What have you missed sharing with the community during the past two years? We would love to hear your “lessons learned” about your latest project. Do you have a ‘story to tell’ about a problem you solved over the past 18 months? Do you have a new solution that your peers need to be thinking about? Tell your story about connecting to the cloud, implementing software-enabled infrastructure, automation and orchestration, using shared telemetry, operations, security, or other timely topics.
Knowledge sharing: accepted proposals should include links to resources used or developed as part of your story. These may include GitHub repositories, code snippets, or other materials that the community might use to jump-start their journey.
In addition to the usual mix of presentations, panel discussions, and lightning talks, the 2022 program includes time for “unconference” gathering (i.e., addressing late-breaking issues and topics raised at working meetings that merit attention by the full audience).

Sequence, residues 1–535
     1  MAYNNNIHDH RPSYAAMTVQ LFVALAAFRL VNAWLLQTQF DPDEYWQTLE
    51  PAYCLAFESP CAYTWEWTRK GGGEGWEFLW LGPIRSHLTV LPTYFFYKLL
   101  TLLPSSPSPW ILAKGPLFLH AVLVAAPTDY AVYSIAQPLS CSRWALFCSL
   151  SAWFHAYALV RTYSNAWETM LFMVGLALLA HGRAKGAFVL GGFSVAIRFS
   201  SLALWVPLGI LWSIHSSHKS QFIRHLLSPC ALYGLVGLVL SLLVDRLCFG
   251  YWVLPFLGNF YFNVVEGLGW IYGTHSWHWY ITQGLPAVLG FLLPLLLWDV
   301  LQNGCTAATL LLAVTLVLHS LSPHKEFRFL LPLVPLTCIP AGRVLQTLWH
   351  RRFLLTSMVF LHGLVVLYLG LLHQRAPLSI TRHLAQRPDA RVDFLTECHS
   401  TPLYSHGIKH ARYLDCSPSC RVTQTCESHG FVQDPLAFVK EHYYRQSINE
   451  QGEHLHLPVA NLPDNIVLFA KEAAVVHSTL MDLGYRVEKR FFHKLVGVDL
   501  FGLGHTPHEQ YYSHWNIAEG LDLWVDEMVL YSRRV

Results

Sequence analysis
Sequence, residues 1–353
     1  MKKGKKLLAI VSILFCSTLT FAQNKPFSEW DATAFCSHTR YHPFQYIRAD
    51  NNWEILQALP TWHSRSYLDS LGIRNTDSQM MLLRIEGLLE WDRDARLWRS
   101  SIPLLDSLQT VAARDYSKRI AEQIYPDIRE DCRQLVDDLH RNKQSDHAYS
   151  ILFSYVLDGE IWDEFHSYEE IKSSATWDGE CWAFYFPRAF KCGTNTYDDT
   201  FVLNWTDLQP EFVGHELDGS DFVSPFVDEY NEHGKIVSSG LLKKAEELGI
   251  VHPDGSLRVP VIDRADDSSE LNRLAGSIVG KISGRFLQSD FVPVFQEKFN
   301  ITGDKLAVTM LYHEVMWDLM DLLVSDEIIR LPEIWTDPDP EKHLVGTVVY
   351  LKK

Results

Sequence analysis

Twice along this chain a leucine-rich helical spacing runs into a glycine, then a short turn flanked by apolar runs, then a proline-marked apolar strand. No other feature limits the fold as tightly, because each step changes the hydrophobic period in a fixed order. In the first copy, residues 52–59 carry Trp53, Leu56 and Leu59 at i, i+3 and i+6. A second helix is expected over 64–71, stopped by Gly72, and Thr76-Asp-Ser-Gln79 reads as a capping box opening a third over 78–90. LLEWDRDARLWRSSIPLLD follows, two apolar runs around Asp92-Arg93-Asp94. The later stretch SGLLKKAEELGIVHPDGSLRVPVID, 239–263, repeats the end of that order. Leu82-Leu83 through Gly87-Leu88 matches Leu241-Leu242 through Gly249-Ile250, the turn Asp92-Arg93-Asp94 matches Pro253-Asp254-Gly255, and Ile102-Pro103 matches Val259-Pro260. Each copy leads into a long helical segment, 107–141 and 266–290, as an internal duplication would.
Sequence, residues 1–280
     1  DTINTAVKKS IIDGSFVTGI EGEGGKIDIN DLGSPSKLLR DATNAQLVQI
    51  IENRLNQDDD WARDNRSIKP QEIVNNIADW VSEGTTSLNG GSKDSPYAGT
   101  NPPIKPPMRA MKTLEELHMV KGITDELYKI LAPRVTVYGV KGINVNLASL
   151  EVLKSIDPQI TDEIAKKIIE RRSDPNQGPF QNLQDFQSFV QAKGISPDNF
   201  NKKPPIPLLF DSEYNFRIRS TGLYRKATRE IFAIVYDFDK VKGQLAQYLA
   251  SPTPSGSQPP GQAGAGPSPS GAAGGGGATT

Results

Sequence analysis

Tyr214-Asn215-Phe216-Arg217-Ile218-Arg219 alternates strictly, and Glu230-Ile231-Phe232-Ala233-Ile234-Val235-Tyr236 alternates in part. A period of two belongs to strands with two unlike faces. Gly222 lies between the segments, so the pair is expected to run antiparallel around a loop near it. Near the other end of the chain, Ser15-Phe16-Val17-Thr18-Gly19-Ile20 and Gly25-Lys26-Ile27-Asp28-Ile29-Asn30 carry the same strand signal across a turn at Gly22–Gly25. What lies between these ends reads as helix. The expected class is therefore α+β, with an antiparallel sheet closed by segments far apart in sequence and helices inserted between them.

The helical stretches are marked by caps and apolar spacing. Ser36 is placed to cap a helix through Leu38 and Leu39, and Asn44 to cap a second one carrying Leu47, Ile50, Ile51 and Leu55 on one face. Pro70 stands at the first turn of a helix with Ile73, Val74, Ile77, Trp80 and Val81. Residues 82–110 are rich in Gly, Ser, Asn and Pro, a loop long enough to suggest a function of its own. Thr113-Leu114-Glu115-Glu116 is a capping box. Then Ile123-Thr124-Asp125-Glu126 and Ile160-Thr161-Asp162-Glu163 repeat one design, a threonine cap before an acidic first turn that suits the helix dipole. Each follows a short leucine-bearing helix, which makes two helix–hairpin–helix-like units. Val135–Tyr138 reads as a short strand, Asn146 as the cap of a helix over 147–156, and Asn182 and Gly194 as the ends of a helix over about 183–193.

In an effort to support conversations among different technical audiences – many of whom are working on different facets of a shared challenge – we are strongly encouraging topics that bring multiple audiences together (i.e., RPKI, use of telemetry, etc.).
Other topic areas to consider include (but are not limited to):
- Plans to leverage broadband grants in your region, infrastructure upgrades, implementation of eduroam, and collaboration with minority-serving institutions
- Use of infrastructure and services to support cloud, research, teaching, and learning
- Moving to a software-enabled infrastructure with use of automation, orchestration, and telemetry